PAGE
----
In the morning the wind is blowing straight out to the gulf. During the night before the pattern would have blown the boat to the south end of the bay where sandy beaches offer protection. But, once into the gulf there was little hope of finding her.
Kev and I formed another search party and with wind howling we drove back down the beach into the village. We stopped and talked to as many folks, locals and tourists, as we could. At Guillermo's he offered to put the alert on the radio that the bay uses for communications. He asks if there is a reward, a concept I hadn't considered.
"Two hundred dollars." I sputter, unprepared. The boat and motor are worth $5000, I'm calculating.
Kev and I leave Guillermos and head for the south end with limited expectation and massive hope. We check every beach and cove, every rocky point, every bay, lagoon and nook. Nothing. We return to camp, check in for any incoming information. Nothing. We decide to check La Gringa and points north and pack the entire crew and spend the day there.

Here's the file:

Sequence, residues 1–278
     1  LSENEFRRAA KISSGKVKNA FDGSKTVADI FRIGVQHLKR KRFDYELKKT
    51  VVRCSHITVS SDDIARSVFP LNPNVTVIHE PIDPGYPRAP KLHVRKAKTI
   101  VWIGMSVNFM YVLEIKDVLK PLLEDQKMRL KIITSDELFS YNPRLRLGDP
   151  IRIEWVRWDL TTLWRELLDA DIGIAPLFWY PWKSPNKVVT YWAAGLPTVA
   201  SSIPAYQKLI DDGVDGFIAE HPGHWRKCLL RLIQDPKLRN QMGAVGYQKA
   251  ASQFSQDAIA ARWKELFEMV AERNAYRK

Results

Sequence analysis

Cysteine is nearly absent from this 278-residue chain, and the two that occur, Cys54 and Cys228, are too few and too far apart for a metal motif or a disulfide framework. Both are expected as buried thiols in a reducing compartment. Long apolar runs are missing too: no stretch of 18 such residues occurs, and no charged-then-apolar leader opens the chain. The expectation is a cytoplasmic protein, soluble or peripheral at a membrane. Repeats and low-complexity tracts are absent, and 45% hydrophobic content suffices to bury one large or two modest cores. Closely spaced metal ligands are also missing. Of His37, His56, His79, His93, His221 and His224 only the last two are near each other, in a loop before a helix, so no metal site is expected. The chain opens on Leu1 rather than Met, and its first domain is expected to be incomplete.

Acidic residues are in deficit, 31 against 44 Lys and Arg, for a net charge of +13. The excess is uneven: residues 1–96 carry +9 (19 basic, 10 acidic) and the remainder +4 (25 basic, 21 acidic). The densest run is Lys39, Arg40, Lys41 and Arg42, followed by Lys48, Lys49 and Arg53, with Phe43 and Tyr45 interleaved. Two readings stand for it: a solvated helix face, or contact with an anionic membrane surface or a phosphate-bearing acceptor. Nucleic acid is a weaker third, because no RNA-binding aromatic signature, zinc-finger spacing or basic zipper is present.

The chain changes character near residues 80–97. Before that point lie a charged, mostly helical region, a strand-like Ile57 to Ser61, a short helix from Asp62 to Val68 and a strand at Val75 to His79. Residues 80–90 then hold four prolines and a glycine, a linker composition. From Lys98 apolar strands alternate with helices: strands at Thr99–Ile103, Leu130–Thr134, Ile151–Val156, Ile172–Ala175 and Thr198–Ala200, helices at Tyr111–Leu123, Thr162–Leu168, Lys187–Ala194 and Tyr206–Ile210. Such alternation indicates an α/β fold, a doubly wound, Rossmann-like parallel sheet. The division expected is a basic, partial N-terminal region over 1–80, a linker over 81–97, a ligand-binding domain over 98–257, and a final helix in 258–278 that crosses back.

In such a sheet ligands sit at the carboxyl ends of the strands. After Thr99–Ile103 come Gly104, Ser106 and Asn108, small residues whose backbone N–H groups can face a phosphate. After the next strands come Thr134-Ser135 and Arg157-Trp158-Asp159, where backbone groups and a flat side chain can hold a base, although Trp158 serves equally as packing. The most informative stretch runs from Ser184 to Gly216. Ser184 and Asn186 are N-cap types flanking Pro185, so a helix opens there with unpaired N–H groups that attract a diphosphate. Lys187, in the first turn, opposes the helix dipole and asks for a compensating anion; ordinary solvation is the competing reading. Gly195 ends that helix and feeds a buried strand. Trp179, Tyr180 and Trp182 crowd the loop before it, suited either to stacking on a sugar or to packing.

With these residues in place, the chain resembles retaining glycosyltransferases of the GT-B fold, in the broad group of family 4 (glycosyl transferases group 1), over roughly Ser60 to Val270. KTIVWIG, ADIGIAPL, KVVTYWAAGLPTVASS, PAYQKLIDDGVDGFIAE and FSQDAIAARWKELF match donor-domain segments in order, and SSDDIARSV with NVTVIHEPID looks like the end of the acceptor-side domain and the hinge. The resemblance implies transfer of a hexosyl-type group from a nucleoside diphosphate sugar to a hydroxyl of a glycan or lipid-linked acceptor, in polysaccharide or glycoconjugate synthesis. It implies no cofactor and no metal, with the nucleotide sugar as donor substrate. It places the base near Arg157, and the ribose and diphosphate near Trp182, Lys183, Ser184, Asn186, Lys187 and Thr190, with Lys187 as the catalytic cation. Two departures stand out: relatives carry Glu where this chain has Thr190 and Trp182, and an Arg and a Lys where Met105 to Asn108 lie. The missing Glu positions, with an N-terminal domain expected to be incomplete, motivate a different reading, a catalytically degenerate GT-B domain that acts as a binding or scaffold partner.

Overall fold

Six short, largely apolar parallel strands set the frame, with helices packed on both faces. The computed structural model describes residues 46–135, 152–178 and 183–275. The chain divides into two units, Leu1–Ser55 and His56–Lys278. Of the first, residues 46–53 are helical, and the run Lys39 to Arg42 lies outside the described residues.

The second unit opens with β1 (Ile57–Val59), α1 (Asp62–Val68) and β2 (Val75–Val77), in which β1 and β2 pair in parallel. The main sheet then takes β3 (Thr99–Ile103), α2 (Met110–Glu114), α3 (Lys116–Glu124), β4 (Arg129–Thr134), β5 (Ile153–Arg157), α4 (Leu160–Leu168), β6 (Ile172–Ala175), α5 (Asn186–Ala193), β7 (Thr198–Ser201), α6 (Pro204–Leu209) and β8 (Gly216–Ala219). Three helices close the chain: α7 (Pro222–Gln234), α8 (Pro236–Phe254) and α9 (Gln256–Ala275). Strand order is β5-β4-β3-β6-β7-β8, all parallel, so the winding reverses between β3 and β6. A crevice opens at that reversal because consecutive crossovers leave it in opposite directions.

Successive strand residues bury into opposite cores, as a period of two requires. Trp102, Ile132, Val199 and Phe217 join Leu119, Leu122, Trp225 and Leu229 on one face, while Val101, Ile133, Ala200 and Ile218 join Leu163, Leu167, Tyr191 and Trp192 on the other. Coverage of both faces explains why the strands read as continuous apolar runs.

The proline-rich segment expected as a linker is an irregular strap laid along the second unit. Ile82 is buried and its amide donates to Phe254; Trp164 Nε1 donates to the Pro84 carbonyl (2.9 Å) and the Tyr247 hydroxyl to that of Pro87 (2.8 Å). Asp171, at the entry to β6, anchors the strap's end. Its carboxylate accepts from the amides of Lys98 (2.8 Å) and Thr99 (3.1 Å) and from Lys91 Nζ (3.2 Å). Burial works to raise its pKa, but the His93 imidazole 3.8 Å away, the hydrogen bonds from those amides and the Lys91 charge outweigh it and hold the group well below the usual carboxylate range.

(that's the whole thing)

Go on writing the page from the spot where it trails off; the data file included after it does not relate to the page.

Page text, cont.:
We searched the entire bay for three days. Nothing.
Early in the day on Tuesday I'm returning in the truck from somewhere. Kevin and Mary Ann and I head of on a trip to Gecko to visit with those there. Kev's driving. He pulls off the pavement as we pass through the village. He drives up the street on the north side of the Plaza, and past the museum and pulls into the yard of the local fisherman/locksmith and shuts off the engine.
"What're we doing here?" I ask.
"There's our boat." He points to an aluminum boat tucked away between sheds and old equipment. "The motor's safe and we have all the tackle that was in it, even the tank and gas."
"I guess it was found on the south point and brought in from there," Kev says. "Paulina caught the news on their local radios. And David and Debra spotted the boat in the village when they were hauling it in. They told us.
Now that I've heard the story and it's beginning to sink in, a fellow exits the house in whose yard we're parked. We introduce ourselves and find that he has found our boat, early today and perched on the southern point of Bahia de Los Angeles, struggling to work its way into the open gulf. The man's name is Miguel Murillo.